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With maternal and infant vaccines against respiratory syncytial virus (RSV) in development, it is timely to consider how the deployment of these vaccines might vary according to local RSV disease seasonality. In temperate regions RSV infection is predictably limited to a period of 3 to 5 months, while in tropical regions disease seasonality is often both more variable and more prolonged. Accordingly, in tropical regions a year-round immunisation schedule for both maternal and infant immunisation might be appropriate. In contrast, in temperate regions the benefit of year-round maternal immunisation would be heavily dependent on the duration of protection this provided, potentially necessitating a strategy directed at children due to be born in the months immediately prior to the RSV season. This review will consider the impact of seasonality on maternal and infant immunisation strategies against RSV, and the potential of an alternative approach of passive immunisation for all infants immediately prior to the RSV season.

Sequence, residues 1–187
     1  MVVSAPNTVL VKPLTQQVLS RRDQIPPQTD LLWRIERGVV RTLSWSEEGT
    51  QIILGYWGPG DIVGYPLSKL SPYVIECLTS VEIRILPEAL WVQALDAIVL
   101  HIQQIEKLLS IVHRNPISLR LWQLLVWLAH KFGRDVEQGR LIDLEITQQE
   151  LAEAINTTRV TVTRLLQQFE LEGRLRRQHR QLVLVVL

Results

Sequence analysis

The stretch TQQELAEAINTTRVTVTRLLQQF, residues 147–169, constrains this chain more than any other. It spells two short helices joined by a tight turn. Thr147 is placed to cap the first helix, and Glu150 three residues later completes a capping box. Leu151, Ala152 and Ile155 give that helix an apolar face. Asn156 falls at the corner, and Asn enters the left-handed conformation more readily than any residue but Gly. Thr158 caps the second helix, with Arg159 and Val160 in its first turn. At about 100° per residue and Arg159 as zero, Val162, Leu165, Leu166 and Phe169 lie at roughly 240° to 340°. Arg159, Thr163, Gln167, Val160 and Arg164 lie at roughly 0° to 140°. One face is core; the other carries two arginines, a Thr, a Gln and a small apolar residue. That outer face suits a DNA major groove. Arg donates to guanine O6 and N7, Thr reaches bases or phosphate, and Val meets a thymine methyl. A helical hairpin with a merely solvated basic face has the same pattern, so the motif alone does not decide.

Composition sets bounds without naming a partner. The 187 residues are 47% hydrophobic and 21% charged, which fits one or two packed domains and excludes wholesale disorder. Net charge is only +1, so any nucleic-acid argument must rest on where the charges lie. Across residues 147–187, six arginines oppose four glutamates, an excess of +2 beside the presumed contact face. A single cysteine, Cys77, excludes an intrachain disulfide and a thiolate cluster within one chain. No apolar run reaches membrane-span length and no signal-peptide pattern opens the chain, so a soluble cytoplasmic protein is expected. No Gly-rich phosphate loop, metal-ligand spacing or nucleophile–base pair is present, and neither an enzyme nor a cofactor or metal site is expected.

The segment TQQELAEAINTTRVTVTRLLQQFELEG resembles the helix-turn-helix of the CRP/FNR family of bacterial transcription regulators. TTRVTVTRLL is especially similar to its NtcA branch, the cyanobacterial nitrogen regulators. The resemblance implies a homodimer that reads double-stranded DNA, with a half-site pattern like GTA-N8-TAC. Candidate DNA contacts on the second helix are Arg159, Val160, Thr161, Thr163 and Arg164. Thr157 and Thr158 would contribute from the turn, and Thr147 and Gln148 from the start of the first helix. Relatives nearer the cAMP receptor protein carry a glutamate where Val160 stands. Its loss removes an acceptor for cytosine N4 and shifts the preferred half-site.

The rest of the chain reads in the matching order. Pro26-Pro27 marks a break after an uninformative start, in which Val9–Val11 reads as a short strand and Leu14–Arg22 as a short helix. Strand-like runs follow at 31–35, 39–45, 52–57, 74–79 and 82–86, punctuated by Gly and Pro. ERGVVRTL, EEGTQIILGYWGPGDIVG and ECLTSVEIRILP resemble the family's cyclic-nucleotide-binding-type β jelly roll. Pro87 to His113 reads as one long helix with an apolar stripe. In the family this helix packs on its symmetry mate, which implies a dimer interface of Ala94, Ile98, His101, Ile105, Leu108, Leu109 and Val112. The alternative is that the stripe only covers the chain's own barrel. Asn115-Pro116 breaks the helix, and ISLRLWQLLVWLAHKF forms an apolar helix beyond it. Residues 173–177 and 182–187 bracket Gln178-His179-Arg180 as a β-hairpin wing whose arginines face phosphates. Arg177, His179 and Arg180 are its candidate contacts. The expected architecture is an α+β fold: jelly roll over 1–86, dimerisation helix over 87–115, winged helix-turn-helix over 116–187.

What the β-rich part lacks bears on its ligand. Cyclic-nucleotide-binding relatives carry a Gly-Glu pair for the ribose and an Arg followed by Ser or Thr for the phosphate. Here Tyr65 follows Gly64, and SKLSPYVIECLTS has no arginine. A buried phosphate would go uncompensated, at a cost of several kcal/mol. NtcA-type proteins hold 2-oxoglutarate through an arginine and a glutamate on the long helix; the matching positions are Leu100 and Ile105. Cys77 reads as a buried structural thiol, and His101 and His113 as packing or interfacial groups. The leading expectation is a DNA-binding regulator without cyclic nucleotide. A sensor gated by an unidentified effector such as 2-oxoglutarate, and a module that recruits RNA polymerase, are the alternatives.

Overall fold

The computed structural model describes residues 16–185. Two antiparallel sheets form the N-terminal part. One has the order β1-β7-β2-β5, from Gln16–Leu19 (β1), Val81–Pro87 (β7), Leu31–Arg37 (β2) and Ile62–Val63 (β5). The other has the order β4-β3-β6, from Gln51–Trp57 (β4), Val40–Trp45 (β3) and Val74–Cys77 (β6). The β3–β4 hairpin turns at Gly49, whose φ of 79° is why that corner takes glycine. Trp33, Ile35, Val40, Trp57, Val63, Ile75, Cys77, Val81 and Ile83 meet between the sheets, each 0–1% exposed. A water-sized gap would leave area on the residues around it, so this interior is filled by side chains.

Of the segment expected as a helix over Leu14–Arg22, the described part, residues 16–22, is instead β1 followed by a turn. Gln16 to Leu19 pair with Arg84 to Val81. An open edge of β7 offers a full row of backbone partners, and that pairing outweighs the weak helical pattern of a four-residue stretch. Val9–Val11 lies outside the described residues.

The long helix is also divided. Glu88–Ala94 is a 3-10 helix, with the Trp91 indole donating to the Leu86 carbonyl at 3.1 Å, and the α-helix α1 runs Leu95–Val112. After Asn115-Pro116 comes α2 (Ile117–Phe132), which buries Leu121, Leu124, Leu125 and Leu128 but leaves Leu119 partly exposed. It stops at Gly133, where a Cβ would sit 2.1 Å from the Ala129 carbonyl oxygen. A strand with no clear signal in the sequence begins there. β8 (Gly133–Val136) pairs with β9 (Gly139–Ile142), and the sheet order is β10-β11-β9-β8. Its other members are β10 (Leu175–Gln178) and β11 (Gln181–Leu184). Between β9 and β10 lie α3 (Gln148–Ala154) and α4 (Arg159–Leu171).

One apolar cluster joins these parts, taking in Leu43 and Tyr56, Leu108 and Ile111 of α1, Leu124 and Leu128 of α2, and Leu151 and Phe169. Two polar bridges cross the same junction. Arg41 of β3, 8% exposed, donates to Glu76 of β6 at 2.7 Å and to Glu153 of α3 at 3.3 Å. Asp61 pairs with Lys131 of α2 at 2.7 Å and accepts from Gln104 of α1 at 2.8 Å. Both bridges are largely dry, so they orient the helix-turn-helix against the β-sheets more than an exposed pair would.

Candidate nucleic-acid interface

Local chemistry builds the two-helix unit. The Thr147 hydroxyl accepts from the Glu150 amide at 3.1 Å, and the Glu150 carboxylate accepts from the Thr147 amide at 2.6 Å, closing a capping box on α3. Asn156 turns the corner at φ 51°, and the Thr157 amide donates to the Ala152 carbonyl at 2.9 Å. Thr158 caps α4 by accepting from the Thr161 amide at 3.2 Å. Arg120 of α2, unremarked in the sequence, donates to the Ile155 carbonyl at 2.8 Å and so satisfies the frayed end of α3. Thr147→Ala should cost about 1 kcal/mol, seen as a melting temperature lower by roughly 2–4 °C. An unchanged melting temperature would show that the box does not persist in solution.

Original publication




Journal article


Hum Vaccin Immunother

Publication Date





234 - 244


Respiratory syncytial virus, immunisation, maternal immunisation, public health, seasonality, Female, Global Burden of Disease, Humans, Infant, Infant, Newborn, Mothers, Rainforest, Respiratory Syncytial Virus Infections, Respiratory Syncytial Virus Vaccines, Respiratory Syncytial Virus, Human, Seasons, Time Factors, Tropical Climate, Vaccination